Mariza chose to undergo a restorative justice process led by CDHEP. Blaney recalls that as the dialogue unfolded, Rodrigo, the young man who had killed her son, offered Mariza the comfort of knowing that she had been right: her son, Paulo, had not done anything wrong.

As a “motoboy” who picked up and delivered documents for businesses and individuals, Paulo had worked in a stressful and dangerous job in São Paulo, weaving through gridlocked traffic to meet rigid delivery deadlines. Rodrigo had just been robbed by someone on a motorcycle and attacked Paulo, mistaking him for the thief.

Through the restorative process, Rodrigo began to understand the full impact of his act, accepted responsibility for his crime, and begged for forgiveness. “In that moment,” Mariza says, “I saw another young man just like my son and was able to forgive.”

This encounter changed both Mariza and Rodrigo’s lives. As part of his restitution, Rodrigo now tells his story to other at-risk youth. Mariza works with children and helps mothers whose sons have been killed or who are in prison.

There is growing evidence that restorative justice is more effective at reducing crime and violence than a system based on punishment. More than 90 empirical research studies in seven countries have affirmed the positive impact of these practices. According to one mega study, restorative justice reduced the recidivism rate by 55 percent for grave crimes as compared to the high recidivism rate in the penal system.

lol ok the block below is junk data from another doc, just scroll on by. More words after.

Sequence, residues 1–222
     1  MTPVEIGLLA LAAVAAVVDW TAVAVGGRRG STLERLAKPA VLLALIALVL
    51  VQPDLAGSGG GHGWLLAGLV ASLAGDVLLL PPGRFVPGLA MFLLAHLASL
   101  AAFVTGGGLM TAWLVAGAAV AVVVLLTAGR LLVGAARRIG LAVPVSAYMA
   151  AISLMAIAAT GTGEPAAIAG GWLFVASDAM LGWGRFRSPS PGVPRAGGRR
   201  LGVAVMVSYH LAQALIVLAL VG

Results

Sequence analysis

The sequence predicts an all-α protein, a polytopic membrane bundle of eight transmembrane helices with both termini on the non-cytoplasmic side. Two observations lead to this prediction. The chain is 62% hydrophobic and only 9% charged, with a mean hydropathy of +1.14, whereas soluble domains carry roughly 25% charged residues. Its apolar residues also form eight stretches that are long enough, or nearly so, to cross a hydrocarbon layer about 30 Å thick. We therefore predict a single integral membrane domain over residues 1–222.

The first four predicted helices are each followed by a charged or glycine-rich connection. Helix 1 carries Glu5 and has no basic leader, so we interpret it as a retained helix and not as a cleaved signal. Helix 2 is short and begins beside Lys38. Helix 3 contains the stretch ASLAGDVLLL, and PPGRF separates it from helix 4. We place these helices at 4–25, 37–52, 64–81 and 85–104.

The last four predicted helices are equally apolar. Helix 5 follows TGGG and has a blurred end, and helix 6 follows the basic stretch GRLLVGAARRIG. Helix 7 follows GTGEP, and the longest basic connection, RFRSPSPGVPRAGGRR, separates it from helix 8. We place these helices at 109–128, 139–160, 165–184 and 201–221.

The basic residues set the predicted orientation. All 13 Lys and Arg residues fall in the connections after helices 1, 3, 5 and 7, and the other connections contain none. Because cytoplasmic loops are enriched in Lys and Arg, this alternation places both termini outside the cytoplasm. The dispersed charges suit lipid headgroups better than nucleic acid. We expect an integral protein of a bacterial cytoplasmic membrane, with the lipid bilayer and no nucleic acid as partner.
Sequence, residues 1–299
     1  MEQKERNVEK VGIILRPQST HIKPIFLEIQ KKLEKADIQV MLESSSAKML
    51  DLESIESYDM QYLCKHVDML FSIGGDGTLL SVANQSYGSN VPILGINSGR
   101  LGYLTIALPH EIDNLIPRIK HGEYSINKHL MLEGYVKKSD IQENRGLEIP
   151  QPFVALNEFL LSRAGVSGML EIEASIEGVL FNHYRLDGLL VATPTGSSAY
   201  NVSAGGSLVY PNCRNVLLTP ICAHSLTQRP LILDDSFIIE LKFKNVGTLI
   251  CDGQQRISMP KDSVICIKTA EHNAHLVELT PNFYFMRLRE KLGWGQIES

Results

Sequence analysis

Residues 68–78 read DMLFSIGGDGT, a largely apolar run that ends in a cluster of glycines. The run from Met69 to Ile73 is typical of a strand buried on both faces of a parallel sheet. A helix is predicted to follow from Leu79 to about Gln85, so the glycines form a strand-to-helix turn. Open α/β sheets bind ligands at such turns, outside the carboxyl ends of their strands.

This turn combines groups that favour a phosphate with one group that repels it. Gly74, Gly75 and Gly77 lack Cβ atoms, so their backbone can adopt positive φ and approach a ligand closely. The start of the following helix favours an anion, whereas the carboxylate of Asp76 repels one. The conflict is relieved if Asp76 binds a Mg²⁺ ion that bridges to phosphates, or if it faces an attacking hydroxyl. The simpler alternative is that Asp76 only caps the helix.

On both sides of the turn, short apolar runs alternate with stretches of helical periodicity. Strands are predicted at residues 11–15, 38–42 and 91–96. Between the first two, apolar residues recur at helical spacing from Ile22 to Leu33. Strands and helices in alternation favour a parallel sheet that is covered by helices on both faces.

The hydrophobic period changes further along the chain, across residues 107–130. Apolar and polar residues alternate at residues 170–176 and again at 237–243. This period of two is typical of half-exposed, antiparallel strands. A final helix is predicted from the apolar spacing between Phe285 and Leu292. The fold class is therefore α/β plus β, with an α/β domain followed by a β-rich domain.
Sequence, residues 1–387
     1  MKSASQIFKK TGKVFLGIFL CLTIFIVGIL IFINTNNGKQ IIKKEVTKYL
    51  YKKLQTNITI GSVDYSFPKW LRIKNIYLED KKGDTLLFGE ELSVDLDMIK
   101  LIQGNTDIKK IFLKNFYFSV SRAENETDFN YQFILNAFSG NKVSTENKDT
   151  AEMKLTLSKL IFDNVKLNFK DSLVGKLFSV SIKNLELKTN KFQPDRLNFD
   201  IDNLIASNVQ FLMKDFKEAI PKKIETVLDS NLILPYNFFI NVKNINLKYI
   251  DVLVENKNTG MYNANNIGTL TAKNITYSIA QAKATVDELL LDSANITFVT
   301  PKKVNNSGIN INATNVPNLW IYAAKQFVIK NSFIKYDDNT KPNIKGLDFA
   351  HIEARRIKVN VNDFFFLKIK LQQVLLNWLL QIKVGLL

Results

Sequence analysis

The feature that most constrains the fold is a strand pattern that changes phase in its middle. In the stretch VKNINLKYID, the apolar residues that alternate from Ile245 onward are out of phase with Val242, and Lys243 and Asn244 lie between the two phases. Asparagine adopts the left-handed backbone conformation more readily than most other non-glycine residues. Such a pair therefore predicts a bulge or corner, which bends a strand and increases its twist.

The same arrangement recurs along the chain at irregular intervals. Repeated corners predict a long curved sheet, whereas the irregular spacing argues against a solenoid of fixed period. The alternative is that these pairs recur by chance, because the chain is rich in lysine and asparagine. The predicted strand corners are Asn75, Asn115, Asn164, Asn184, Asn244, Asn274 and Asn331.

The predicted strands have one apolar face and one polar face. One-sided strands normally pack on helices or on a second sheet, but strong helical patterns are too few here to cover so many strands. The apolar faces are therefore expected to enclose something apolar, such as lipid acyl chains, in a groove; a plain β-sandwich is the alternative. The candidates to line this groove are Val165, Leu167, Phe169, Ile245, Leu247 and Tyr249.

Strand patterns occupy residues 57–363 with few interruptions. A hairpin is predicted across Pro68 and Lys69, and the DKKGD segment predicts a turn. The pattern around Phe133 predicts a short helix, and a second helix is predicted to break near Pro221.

Blaney attributes this success in part to the fact that “violence is like an iceberg” and the penal system only deals with its tip. Restorative justice recognizes that “violence (whether psychological or physical) many times is a scream for justice.” CDHEP therefore includes analysis of levels of structural violence in their trainings.

While Blaney and her colleagues at CDHEP have been training people in restorative justice for many years, the U.N.-sponsored project integrates restorative justice into Brazil’s national system of justice.

Responses to CDHEP’s courses have been overwhelmingly positive. One participant described the training as “a revolution, almost like the invention of light.” Another said, “This course cured my soul.”

Best of all, judges and other participants in the U.N.-sponsored program seem enthusiastic about incorporating restorative justice practices into their tribunals in the future.

“This course brought us hope that there is another model (of justice) that is humane and more effective in dealing with violence and injustices,” one participant said.

Blaney, too, has been affected by the work CDHEP is doing. She says accompanying people through their journey of recovery after a crime has deepened her understanding of the paschal mystery. It has taught her that “out of pain and suffering can come hope” and “a liberating process for all, where the fire of the Spirit heals and frees up energies for the building of God’s reign.”

Armour-Hileman is the admissions manager of Maryknoll Lay Missioners. This article originally appeared in the Fall/Winter 2020 issue of Voices of Compassion, the magazine of Maryknoll Lay Missioners.